03 July 2009

Scoring Your Scoliosis

Your child goes in for a school physical and you walk out with an appointment to see a scoliosis expert. It's a situation that's all too common. Many parents are left to wonder whether surgery is in their child's future.
But parents are now getting their answer, thanks a new test.

A scoliosis diagnosis is common in young children and often a brace is used to help correct it. But now a new test can tell you whether it's going to get better or worse.

Medical technology has come a long way. Now saliva in a vile can rate your child's scoliosis.

“The score is designed to tell us whether the patient's curve is going to stay the same or progress as they get older, " Dr. Geoffrey Haft, a scoliosis expert with Sanford Clinic Orthopedics & Sports Medicine, said.

Haft says the DNA test helps to guide a patient's treatment. And 13-year-old Madison Michels is a prime candidate.

Her score is 163, which means her scoliosis is considered moderate to severe. It also means she'll have to wear her brace a while longer.

"I don't really mind it as long as it corrects what my spine is doing,” Madison said.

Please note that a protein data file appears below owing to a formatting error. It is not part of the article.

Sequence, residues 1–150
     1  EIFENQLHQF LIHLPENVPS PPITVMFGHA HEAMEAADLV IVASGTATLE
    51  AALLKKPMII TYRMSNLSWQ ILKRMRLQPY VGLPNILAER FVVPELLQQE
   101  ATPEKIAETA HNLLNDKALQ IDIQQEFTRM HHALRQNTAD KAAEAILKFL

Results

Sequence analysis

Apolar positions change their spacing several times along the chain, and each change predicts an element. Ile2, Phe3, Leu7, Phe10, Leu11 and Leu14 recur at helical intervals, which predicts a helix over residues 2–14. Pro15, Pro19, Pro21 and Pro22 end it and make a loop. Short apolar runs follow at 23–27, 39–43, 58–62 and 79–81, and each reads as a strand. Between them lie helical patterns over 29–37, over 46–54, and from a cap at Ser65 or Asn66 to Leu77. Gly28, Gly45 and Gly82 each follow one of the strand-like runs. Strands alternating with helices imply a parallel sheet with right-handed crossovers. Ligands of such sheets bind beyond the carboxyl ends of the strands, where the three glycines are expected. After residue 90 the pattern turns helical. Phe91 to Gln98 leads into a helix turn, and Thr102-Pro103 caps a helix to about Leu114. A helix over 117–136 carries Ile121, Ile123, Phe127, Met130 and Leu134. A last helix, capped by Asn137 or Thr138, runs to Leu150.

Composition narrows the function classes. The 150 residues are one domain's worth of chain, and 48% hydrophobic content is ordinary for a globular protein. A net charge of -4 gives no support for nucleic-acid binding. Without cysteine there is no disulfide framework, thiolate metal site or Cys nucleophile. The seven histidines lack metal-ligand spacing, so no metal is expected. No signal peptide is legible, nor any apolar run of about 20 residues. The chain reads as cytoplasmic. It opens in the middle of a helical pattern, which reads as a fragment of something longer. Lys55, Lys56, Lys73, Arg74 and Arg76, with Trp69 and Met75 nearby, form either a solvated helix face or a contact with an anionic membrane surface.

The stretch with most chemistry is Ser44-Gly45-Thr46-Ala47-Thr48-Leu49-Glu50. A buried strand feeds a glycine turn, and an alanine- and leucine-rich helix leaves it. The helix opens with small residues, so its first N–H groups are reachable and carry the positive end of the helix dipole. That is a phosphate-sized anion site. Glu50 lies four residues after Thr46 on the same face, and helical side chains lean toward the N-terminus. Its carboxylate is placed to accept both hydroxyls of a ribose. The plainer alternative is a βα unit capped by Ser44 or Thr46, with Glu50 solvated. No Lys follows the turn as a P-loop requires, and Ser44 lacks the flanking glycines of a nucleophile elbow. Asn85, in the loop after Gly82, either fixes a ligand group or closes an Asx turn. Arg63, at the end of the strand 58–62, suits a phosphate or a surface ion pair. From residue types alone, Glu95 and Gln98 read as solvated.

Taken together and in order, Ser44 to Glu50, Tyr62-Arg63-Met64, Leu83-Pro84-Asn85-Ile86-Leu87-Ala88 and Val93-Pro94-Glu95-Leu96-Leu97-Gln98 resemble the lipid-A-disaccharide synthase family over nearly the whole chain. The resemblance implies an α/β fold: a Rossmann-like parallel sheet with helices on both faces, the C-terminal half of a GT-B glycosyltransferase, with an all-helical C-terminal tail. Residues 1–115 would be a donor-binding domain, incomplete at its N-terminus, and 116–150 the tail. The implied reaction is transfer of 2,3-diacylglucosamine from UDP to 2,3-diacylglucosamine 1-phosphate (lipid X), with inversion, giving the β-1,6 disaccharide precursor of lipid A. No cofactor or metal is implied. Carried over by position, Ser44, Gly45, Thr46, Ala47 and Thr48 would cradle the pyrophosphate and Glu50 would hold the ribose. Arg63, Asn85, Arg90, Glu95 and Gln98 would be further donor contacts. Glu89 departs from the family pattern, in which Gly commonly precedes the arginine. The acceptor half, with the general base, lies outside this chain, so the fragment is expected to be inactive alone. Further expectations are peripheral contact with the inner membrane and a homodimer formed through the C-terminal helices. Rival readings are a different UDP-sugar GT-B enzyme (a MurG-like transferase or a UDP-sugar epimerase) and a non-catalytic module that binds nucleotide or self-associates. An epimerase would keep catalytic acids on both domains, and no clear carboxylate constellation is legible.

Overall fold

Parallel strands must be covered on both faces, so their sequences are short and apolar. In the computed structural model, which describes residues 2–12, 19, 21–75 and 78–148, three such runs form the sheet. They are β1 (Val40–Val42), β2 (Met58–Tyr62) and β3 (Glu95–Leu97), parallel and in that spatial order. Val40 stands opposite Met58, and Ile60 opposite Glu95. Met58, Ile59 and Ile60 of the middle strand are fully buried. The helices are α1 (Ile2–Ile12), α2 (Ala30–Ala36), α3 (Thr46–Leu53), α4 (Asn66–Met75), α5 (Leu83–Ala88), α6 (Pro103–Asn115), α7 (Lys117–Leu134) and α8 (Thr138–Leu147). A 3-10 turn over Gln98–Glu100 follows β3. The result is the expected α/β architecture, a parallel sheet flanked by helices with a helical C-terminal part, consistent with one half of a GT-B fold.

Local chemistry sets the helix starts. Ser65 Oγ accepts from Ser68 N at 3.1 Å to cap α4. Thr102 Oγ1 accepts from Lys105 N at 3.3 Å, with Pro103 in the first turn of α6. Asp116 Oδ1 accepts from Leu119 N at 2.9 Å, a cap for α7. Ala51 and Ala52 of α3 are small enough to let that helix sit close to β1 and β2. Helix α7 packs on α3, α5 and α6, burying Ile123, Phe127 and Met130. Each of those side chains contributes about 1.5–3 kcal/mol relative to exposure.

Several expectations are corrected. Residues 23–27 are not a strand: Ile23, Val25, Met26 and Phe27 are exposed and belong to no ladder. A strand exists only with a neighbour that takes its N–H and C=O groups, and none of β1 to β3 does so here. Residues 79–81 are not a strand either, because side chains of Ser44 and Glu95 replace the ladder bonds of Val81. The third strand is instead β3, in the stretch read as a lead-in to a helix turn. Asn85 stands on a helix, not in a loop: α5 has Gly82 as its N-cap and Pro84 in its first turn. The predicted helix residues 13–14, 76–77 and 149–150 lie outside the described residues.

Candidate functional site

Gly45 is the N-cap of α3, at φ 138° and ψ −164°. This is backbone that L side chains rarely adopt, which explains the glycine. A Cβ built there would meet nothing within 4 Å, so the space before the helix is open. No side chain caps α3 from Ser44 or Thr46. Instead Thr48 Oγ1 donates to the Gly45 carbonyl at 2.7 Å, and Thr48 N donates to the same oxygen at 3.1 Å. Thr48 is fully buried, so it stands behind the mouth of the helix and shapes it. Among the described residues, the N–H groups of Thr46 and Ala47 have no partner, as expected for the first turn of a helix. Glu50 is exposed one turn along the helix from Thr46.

“The test helped my husband and I find out exactly how serious her scoliosis is and the severity of it and what we need to do,” Madison's mom, Jolene Michels, said.

Looking at an x-ray, you can see how her spine curves without the brace. But when she has it on, her spine is nearly straight. Dr. Haft says the test can hopefully keep his patients from having surgery in the future.

“In the worst case, the curve gets to be over 50 degrees. We have ways of measuring curves and we put a number to it. Curves that are over 50 degrees tend to progress throughout adulthood and we end up doing surgery on those patients and fusing the spine, straightening it out so that it can't progress,” Haft said.

It's a surgery Madison and her family hope her brace will help her avoid.

“It's nice to know that test has said she needs to be wearing this and so we make sure that she does,” Jolene said.

Sanford is one of 42 sites testing the ScoliScore product. It won't become available to the entire orthopedic community until this fall.

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